After long, seven-year road filled with excruciating losses, Celtics’ coast to NBA title felt ‘surreal’

Jayson Tatum and the Celtics can celebrate the franchise's first NBA title since 2008. (AP Photo)

Jayson Tatum and the Celtics can celebrate the franchise’s first NBA title since 2008. (AP Photo)

BOSTON– When it was over, the Celtics were just too much for the Mavericks. Too many 3-point shooters to guard, too many athletic, wing defenders who could lock down Kyrie Irving and Luka Doncic, too many role players who knew exactly how to impact winning, and too much passion from the crowd, which exploded with every made 3 and Kyrie transgression.

The Celtics made it look almost as easy as the UConn men did, coasting to this title wire-to-wire and mauling the Mavs, 106-88 in Game 5.

Their path to the trophy was virtually painless in these playoffs, with bumps paved over along the way and the rest of the NBA’s true titans having already fallen.

But the seven years that led up to it? They were anything but, with one playoff heartbreak after another, excruciating losses and introspective summers coming courtesy of the likes of LeBron James, Steph Curry and Jimmy Butler.

So as the green and white confetti came raining down like 3s from all angles of the court, you could forgive the Celtics for taking a moment to make sure their title romp was real.

“It’s a surreal feeling. Still has not really kicked in yet,” Jayson Tatum said in his postgame press conference. “These last seven years have been a roller coaster, up and down. I had to listen to all the s— that people said about me, and tonight, it was worth it. Oh, my God.”

“It still kind of feels unreal. It feels like there’s another game or something tomorrow,” Jaylen Brown said.

Kristaps Porzingis echoed that feeling.

“When I was on stage and stuff, like it still felt surreal. Like, I couldn’t — and us as a team, I think we couldn’t really, like, settle into that,” he said. “But then once we got back to the locker room and started celebrating, I think that’s when everybody realized we actually did it. We did it.”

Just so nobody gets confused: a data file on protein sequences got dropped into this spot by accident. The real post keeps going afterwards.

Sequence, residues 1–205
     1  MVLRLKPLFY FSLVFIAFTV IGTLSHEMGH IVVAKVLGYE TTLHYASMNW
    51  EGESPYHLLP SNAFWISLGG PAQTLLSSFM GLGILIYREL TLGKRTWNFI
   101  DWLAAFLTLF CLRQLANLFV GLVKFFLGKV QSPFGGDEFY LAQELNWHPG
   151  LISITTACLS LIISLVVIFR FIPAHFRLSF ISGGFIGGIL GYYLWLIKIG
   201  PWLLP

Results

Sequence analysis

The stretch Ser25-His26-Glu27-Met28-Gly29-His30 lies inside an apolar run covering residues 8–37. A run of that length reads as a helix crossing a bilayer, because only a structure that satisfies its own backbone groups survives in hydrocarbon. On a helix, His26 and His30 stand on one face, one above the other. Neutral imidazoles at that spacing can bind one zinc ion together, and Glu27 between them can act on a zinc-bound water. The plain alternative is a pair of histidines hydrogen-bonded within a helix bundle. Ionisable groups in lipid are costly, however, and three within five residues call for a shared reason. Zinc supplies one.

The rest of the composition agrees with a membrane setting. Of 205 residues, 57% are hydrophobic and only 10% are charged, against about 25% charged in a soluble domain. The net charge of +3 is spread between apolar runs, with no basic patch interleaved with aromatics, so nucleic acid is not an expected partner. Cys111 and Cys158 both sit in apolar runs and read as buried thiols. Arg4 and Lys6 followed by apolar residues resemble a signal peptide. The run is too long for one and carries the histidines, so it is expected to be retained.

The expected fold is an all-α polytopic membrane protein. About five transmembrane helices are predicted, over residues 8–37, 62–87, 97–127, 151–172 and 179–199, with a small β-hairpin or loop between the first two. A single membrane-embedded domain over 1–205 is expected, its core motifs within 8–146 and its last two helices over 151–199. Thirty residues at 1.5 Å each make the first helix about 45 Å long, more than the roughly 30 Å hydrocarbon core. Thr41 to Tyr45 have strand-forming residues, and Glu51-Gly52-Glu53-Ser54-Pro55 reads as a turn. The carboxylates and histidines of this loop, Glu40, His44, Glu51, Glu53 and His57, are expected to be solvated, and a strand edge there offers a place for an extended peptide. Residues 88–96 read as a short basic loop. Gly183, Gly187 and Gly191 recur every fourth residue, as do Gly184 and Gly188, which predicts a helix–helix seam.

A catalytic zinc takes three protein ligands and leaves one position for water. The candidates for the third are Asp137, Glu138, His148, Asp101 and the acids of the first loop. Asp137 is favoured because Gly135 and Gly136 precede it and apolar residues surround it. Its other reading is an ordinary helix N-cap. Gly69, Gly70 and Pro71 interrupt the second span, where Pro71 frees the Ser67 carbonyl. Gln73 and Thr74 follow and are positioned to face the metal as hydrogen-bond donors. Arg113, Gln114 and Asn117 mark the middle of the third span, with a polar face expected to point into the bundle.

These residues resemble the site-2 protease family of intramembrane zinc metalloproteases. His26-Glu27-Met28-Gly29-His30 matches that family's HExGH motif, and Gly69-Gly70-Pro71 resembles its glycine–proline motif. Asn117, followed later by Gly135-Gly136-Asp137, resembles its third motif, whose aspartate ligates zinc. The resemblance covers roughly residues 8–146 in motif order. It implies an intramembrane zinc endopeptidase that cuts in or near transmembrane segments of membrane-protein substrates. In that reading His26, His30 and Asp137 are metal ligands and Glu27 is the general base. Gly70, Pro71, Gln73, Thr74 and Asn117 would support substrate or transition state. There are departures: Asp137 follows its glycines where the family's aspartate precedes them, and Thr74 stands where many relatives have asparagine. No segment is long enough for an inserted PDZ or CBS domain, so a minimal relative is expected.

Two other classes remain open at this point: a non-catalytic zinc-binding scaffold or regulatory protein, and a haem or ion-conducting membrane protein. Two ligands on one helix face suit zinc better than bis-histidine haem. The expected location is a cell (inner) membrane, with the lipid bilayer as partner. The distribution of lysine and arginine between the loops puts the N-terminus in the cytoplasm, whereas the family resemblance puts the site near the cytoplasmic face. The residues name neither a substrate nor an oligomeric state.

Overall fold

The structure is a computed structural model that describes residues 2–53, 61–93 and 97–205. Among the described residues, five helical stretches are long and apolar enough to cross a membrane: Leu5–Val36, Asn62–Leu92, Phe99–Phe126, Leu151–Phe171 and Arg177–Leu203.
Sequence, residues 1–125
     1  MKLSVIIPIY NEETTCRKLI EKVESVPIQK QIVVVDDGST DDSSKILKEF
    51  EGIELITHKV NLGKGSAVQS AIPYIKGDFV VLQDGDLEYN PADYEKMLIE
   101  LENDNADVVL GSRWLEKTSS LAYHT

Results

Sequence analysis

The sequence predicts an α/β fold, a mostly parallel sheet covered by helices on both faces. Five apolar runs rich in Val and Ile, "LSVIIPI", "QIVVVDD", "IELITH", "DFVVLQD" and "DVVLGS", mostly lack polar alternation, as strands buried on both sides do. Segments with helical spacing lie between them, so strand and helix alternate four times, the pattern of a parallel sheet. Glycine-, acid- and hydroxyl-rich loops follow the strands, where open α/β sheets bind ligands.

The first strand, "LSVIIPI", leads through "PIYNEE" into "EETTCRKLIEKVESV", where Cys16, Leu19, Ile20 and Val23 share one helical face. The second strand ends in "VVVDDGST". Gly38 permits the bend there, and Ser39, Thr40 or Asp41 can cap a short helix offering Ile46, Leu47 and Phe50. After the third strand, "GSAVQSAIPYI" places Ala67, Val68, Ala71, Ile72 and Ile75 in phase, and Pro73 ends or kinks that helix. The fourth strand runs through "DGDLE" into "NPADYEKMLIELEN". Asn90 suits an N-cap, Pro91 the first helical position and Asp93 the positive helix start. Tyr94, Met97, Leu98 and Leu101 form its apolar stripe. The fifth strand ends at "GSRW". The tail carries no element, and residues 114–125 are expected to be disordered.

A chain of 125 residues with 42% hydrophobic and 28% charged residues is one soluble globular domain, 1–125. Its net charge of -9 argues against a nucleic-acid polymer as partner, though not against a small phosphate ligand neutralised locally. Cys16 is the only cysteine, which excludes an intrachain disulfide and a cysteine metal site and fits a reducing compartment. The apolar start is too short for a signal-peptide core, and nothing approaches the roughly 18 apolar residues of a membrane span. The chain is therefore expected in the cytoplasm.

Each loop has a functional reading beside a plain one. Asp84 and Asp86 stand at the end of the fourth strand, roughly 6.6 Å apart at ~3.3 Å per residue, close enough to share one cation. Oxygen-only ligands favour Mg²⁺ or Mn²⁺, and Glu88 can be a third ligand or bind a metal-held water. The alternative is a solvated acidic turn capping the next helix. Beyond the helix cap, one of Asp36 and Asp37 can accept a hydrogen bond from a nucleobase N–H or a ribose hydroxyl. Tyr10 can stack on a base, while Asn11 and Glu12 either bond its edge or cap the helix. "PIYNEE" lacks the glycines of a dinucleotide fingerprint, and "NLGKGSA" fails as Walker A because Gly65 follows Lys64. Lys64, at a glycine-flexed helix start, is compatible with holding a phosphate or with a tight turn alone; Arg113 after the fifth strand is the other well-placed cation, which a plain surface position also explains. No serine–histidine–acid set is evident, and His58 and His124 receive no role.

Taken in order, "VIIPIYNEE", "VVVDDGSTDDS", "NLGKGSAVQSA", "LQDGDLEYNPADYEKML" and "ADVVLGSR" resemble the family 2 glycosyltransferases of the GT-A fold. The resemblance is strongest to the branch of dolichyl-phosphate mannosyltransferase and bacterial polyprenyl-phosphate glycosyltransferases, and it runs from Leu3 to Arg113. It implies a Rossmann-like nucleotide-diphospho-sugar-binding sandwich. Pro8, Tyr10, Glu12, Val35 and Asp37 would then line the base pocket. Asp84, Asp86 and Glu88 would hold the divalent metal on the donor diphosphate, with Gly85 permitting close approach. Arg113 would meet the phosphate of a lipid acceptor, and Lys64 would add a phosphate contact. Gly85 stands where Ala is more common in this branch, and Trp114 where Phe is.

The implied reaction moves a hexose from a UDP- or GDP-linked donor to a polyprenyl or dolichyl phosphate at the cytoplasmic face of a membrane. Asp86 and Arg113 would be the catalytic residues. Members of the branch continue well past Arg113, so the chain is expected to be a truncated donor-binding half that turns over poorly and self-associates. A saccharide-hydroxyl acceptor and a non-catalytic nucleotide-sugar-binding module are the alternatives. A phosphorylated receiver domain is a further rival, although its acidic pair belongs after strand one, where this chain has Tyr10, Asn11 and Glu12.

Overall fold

It all felt a little too straightforward, like it shouldn’t have been so easy. But injuries and upsets aside, there’s no doubt that the C’s were a deserving champion.

The Celtics won 64 regular-season games, the most by any champ since Steph, Kevin Durant and the Warriors in 2017. They went 16-3 in the playoffs, also the best postseason record since that Dubs team. They had the league’s No. 1 offense, its No. 2 defense, and top three-point shooting team, taking floor spacing to a level almost never before seen.

Head coach Joe Mazzulla’s brilliance shone through, a year after so many blamed him for the Eastern Conference Finals loss to the Miami Heat. (Some dubbed him ‘Second-Row Joe’). So did President of Basketball Operations Brad Stevens’, and his foresight to take a chance on the youngest coach in the league (now 35) with a ready-made championship contender after Ime Udoka was unceremoniously ousted a year and a half ago.

For as good as the Celtics have been since Stevens left Butler to ship up to Boston in 2013, they’ve deserved a night like this.

No, Giannis, Embiid, Brunson, Jokic … those guys weren’t standing in the way. Instead, it was Kyrie Irving and Luka Doncic hanging their heads as every made 3 came raining down, every explosion from the crowd demoralizing them even further. It was an onslaught, a thorough thrashing fitting of a champion.

Irving was awful again, making it three duds in front of the Boston fans and former teammates he once tried to lead, before bailing for that ill-fated Brooklyn experiment no one will ever forget. He finished 5-for-16 and 3 of 9 from 3-point range, and it often seemed like the leprechaun he once stomped was sitting on the rim, kicking every one of his shots out.

Things weren’t much better for Doncic on Monday night, as the superstar guard finished 2 of 9 from deep and 12 of 25 from the field, scoring a mostly meaningless 28 points.

Both were thoroughly outplayed by Tatum (31 points, 11 assists, 8 rebounds) and Brown (21 points, 8 rebounds, 6 assists). Brown took home Finals MVP, and immediately shared credit with the rest of his teammates and his fellow superstar Tatum.

Even Payton Pritchard rained down a half-court buzzer-beater again, as if that was his job. Celtics head coach Joe Mazzulla confirmed he was put in there for exactly that reason.

“Man, that was beautiful. That was beautiful,” Al Horford said of Pritchard’s shot, which turned out to be the highlight of the night. ‘He did that, and you take a glance at the other team, and it’s one of those that breaks your spirit, and then it just kind of fueled us.”

And with that, the long, smart build that began with Danny Ainge and has continued under Stevens has finally paid off with a title, and the Celtics can hang that elusive 18th banner, the one that pushes them past their arch rivals from L.A. once again, as the NBA’s undisputed greatest-ever franchise.

In the end, it seemed easy. But as the Celtics will tell you, for the last seven years, it’s been anything but.

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